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Comparing PS3 and Xbox 360 - Console Differences and Challenges

by: Sheila Robinson ; edited by: Michael Hartman ; updated: 4/17/2012 • Leave a comment

Gamers constantly debate over which video game console is best. In this Xbox 360 vs PS3 review, backwards capability, Blu-ray, game development challenges and the differences in each system’s CPU processor are discussed.

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    The CPU Processor

    PS3   The CPU processor of both the PS3 and Xbox 360 are powerful units that enable these consoles the ability to play game titles with intense graphics, sound and multimedia capability. Let’s take a look at some of the differences.

    The PS3 console utilizes a Cell Processor that delegates 8 other SPC (Synegistic Processor Elements) vector processors which allow it to run multiple tasks at 3.2 GHz. (PS2 had a single processing 128-bit CPU that runs at a 294.912 MHz). It has the ability to deliver streaming video, surf the web and work well with many media devices. Unfortunately, due to the complexity of the processor, it has delayed the development of game titles for the console. The PS3 has not been able to fully show off its power potential since programmers have only been able to utilize a portion of the system’s memory capacity to create the games. Since its release in 2006, (the Xbox 360 was released in 2005) the PS3 is still struggling to keep up with the number of game titles design titles released by the Xbox 360.

    Alternatively, the Xbox 360 utilizes a Xenon processor, which is based off of the IBM PowerPC architecture. It has three independent processor 64 bit cores which run simultaneously at 3.2 GHz. The development of game titles on the console is less of a challenge than on the PS3 since the design allows the utilization of almost the full memory capacity. This has given the console a bit of an advantage in faster release of game titles.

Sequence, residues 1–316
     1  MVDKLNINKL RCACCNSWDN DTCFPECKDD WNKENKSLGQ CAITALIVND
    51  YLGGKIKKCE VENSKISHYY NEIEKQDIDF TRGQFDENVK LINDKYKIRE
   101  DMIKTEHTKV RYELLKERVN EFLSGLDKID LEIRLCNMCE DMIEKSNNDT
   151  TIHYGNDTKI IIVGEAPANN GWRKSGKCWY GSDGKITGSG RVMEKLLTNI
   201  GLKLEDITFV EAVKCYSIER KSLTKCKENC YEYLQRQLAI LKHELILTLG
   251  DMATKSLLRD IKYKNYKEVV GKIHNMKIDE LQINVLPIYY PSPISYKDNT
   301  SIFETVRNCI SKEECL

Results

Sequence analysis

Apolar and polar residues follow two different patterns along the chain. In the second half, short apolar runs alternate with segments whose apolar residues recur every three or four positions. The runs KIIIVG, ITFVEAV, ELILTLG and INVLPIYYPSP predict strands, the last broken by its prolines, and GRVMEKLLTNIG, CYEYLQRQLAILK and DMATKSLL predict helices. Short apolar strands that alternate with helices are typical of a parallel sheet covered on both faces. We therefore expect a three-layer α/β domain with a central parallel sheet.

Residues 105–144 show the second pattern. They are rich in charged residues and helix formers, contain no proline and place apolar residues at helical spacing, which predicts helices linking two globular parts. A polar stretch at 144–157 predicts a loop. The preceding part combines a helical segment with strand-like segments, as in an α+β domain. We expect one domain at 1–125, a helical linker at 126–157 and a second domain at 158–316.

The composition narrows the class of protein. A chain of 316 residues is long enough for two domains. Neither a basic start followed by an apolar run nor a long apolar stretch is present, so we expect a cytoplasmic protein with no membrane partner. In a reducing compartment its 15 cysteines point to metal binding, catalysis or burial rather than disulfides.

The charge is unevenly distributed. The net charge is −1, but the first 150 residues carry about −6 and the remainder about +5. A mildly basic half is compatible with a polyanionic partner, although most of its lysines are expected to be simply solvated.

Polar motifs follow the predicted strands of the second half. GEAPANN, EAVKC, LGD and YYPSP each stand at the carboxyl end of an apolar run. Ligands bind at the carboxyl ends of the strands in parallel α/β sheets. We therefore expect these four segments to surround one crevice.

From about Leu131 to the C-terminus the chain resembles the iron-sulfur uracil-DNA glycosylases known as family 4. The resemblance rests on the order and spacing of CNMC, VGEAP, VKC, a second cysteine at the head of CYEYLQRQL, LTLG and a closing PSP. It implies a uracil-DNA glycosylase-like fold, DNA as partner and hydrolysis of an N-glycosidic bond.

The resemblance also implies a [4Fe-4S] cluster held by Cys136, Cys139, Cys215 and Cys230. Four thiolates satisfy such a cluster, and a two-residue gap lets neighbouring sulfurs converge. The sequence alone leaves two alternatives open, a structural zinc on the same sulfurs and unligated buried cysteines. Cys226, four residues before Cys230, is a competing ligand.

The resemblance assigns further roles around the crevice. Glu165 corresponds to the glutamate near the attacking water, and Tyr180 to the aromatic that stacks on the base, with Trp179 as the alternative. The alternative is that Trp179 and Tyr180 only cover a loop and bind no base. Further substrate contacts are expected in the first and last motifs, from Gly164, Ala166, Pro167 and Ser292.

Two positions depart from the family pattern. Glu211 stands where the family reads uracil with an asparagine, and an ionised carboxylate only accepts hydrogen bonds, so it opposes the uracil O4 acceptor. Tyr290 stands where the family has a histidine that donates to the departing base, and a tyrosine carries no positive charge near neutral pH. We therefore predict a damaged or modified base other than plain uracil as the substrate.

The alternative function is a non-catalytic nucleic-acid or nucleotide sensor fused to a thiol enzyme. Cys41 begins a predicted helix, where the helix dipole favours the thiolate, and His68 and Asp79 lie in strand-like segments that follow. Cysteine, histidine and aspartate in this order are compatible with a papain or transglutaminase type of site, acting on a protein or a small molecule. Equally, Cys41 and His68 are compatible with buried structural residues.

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    Blu-ray vs. the Red LED Laser

    A big feature difference when comparing the Xbox 360 vs PS3 is how they each read data. The Xbox 360 incorporates the use of the red LED laser. Since the release of CD/DVD media, a red LED laser has been the original standard to read these types of disks. The space on these types of DVD (and game) disks is 4.7 GB on a single layer format. This limits the Xbox 360 it to only playing DVDs and games in this standard format. (If you want to watch DVDs in HD-DVD format, you will have to buy the optional HD-DVD player and attach it to your console).

    The release of the Blu-ray laser has enabled DVD media to expand its space capacity to 25 GB on a single layer disk (50GB on a dual layer). The PS3 console has incorporated the Blu-ray into its design, which gives it the potential to create larger (and hopefully longer) titles with more space hogging intense graphics and game action capability. However, despite this great capability (which added an additional $100 to the cost of the console), players are still waiting for the release of game titles that fully utilize this feature.

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    Other Comparable Features

    xbox 360   Loading Games

    An interesting PS3 feature is that it does not have a disk tray. Instead, there is a slot in the front of the console that works like the CD player in your car. The Xbox 360 uses a standard disk tray to load games/DVD/CDs.

    Backwards Capability

    The PS2 has been known for its backwards capability feature (that allows gamers to play titles from earlier console versions). When the PS 3 console was originally released, gamers could enjoy playing their PS2 games on the 20 GB and 60 GB versions (the 40 GB model does not have this option).The newer release of the 80/120/160 GB models are not backwards compatible with play PS2 titles, but can play a limited selection of PS One titles (the early 80GB had emulation software which allowed the play of PS2 titles, but this version is no longer being produced). It was supposedly removed due to the high cost of adding to the console. Sony has tried to help gamers out by providing a support link that allows you to look up PlayStation titles to see if they are compatible with your console.

    The Xbox 360 has limited backwards capability. In order for it to work, you must have a hard drive in your console (the core system cannot play any original Xbox games). Since the release of the system, new updates have become available from Xbox Live (through your console) or downloaded from the web to enable your console to play specific original Xbox titles. The official Xbox website has a page where you can see a list of compatible Xbox titles .